FirstCheck, Female-Focused Venture Capital Firm, Secures $2m Commitment from TLcom Capital

FirstCheck, Female-Focused Venture Capital Firm, Secures $2m Commitment from TLcom Capital

FirstCheck Africa, a Nigeria-based female-focused venture capital firm, has secured a $2 million commitment from TLcom Capital, an Africa-focused Venture capital firm, the company has announced.

In addition, FirstCheck also announced that Eloho Omame, one of its founders, has joined TLcom Capital as a Partner, adding to her existing day-to-day role as Co-Managing Partner at FirstCheck Africa.

FirstCheck said the commitment, which adds to its $10 million debut, takes its single pool of capital to $12 million – and it will be invested in backing high-growth, technology-driven startups led by females.

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With the available capital, FirstCheck Africa said it will invest up to $250k as high conviction first checks into early-stage rounds for female-led startups.

“We remain sector-agnostic and focused on technology-enabled companies that are solving important problems in large markets. Our strategy is to invest in female-led companies with category-leadership potential while throwing the weight of FirstCheck Africa’s networks and platform behind the founders that will be the next generation of entrepreneurial role models for Africa,” the firm said.

Female-led startups struggle to get financial backing in the African tech ecosystem, a gap that motivated Eloho Omame, founding Managing Director of Endeavor Nigeria and Odunayo Eweniyi, COO and co-founder of PiggyVest, to launch FirstCheck in 2021. In the last 18 months, FirstCheck Africa has invested in 10 female-led startups in four countries, boosting its portfolio that started with personal commitments of $25,000 investment each in six female-led companies.

The venture capital firm said its portfolio companies have been accepted into three global accelerators (including Y Combinator), and a number have raised sizeable follow-on rounds, with FirstCheck Africa as the first or second institutional investor on their cap tables.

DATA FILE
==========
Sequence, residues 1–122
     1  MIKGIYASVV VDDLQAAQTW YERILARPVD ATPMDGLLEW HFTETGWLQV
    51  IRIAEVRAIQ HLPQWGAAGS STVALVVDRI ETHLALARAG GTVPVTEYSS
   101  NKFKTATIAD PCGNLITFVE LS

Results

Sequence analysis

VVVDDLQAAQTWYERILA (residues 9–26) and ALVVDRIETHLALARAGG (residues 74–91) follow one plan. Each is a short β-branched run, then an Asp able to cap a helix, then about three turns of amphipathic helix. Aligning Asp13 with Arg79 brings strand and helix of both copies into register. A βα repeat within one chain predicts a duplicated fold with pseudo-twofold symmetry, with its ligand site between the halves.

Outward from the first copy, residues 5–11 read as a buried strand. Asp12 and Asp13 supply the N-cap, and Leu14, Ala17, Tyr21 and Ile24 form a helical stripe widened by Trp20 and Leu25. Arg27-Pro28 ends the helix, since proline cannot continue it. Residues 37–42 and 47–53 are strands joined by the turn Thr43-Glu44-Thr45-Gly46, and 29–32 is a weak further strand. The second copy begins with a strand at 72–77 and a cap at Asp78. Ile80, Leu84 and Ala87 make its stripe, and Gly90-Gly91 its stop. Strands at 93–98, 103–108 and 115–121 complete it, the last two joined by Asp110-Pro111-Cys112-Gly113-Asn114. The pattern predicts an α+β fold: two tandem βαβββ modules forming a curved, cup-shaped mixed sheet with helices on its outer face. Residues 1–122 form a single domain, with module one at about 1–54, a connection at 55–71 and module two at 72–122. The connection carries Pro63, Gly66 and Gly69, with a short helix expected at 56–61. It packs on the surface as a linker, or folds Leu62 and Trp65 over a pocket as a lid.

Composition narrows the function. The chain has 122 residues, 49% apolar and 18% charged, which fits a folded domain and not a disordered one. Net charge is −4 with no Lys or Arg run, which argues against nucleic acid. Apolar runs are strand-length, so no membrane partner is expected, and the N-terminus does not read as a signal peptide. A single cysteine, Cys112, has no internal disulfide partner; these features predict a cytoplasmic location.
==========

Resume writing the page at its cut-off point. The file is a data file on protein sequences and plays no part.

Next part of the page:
It said its Africa’s mission is to advance equity, capital and leadership for a generation of women in Africa through technology and entrepreneurship.

“We will continue to focus on making it easier for ambitious African women to raise early-stage venture capital by writing checks, being female-led companies’ earliest believers and building our platform to attract resources to accelerate their efforts,” the firm said.

Female-focused startups have seen an uptick in investment recently due to the strategy of venture capital firms like FirstCheck. The company said there’s been a significant jump from three years ago, when just 5 female-led companies in Africa raised $1mn or more in early-stage rounds.

“Last year, the number was 33, and so far this year, we count 19, including 6 companies this month, of which FirstCheck Africa is an investor in 3. We’re quickly becoming the preferred early-stage investor for female founders building venture-scale companies, and we are proud to be building an investment firm with their needs in mind,” it said.

Though the gap is gradually being bridged, there is still a lot more to do. The African tech ecosystem is still saturated with early-stage female-led companies in need of capital. This, FirstCheck said it’s working to change with its mission-oriented early-stage, female-focused fund.

“We’re a small fund with big ambitions, and we’ve designed our portfolio strategy with our founders’ needs in mind. Access to capital is a primary and complex challenge for female-led companies. As a mission-oriented early-stage, female-focused fund, it’s critical for like FirstCheck Africa to invest meaningful capital to give the young companies in our portfolio sufficient runway to focus on traction and pursue disciplined fundraises when the time comes.

“We’ve constructed our debut fund’s portfolio to make targeted investments at pre-seed, keep the capacity to make follow-on investments when the most promising of those companies are ready for seed capital, and retain the flexibility to invest in some companies at the seed stage, where a female-led company might have already raised an institutional round,” the firm said.

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